This month, senior citizens in Victoria made their political clout known at a town hall meeting where they pushed the council to adopt a bylaw allowing medical marijuana dispensaries to sell cannabis-infused edibles.
Victoria Mayor Lisa Helps said the many seniors who voiced their opinions at public meetings called out specifically for access to edibles, which are easier on their systems than smoking cannabis and give longer lasting relief from medical conditions.
“Our staff and council were compelled. We heard loud and clear from many people who came to the town hall we held, particularly from seniors, and particularly from senior women, that they have chronic pain and they don’t want to smoke marijuana. They want access to edibles.”
The change comes against the safety concerns of British Columbia health officer Perry Kendall, who wrote to the council, urging them to reconsider permitting edibles.
“While I understand that this position was supported by a majority of those in the community who were consulted – on the basis that they felt the benefits would outweigh the harms – such a conclusion is not based on the evidence.”
His letter said he believes edibles are attractive to children and put both children and adults at risk of ‘poisoning’, although fatal overdose is impossible using cannabis.
Mayor Helps and the council turned over the job of regulating the edible market to provincial officials, saying it’s not their job to regulate quality and safety.
“Our position, my position is that it is not the city’s responsibility to regulate food products. The city doesn’t regulate the contents of the spicy nut triangle that I get at Habit Coffee. That’s not our jurisdiction.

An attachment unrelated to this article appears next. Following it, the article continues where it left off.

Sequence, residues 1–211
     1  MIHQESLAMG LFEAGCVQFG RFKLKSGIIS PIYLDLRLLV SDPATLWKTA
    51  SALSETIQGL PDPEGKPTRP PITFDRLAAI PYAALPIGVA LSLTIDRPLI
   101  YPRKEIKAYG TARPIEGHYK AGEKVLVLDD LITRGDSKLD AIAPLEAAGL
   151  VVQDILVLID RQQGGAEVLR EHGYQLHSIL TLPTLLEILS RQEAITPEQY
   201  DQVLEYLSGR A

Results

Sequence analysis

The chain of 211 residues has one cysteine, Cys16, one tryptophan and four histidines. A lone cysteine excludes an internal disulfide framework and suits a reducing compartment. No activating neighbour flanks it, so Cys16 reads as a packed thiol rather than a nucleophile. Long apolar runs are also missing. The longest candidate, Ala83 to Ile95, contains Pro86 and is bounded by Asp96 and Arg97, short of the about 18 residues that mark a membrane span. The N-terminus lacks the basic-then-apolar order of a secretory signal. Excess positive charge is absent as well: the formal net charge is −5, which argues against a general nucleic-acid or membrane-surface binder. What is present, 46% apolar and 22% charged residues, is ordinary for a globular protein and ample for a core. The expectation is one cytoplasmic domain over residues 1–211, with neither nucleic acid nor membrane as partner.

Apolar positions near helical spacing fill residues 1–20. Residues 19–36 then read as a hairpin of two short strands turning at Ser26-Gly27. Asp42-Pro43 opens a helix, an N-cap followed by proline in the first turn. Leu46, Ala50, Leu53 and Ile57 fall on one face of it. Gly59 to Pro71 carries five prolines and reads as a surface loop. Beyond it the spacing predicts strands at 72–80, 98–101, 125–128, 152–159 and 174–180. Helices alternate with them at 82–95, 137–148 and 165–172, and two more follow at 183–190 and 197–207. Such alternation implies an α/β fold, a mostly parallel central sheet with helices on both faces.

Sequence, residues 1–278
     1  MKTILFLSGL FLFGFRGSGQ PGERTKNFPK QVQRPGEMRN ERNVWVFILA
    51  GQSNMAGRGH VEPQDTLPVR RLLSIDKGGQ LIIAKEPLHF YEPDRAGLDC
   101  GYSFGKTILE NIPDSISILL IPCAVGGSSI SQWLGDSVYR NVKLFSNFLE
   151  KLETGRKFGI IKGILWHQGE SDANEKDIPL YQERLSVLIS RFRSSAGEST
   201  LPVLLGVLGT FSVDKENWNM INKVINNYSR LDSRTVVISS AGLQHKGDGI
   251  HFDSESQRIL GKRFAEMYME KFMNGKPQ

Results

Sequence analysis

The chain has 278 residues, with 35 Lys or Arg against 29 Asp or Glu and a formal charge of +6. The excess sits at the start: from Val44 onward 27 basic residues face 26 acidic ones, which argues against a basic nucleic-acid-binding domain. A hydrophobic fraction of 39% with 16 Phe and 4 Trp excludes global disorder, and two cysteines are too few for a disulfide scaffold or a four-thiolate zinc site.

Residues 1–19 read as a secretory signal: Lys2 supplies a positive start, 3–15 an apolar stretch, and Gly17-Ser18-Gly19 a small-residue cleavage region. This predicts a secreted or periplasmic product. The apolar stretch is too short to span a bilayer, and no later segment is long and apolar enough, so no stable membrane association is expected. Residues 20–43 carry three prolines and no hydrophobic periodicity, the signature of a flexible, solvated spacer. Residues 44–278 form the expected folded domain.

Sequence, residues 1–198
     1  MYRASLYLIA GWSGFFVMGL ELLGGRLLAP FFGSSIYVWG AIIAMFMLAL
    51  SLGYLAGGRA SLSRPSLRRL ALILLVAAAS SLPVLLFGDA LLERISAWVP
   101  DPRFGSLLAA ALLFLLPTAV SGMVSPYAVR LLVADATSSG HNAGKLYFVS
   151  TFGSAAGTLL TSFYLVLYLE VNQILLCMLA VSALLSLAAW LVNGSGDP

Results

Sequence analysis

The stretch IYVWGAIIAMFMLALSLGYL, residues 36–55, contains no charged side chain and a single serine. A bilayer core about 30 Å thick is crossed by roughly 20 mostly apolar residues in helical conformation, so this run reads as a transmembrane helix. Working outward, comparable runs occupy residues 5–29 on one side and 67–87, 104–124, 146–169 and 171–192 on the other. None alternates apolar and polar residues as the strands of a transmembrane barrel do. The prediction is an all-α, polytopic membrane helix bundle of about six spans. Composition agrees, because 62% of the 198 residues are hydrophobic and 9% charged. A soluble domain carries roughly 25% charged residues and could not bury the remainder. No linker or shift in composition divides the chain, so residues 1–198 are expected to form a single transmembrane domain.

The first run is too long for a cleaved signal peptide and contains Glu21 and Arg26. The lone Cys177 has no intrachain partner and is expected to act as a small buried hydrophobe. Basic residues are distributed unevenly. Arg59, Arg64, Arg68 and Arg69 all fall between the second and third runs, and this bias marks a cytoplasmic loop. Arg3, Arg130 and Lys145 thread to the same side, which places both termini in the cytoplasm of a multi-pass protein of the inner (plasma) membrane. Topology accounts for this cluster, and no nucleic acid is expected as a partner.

This is clearly in your domain, and you clearly have some concerns and those concerns are legitimate, so over to you.”
Vancouver bylaw prohibits the sale of edibles, and unlike Victoria, puts a 300-meter buffer between cannabis enterprises, as well as schools. In Victoria, the distance is only 200 meters, but as space is limited on Vancouver island, that only makes sense.
The country is poised to legalize cannabis at the national level in 2017, according to the time frame the government announced this spring at the UN meeting where Mexico also announced plans to legalize, amid the international re-affirmation of prohibition by attending nations.
The voices of seniors are becoming more prominent in the push for legalization, as the comprise a large swathe of prescription drug users and deal with sometimes debilitating medical conditions on a daily basis. From Alzheimer’s to arthritis, only one medicine can treat so many conditions at once, without crippling side effects. That one medicine is cannabis, and the world is calling for its freedom.
Are you a senior citizen who uses cannabis to help you make the most of your daily life? Tell us about the difference it makes in the quality of your life on social media or in the comments below.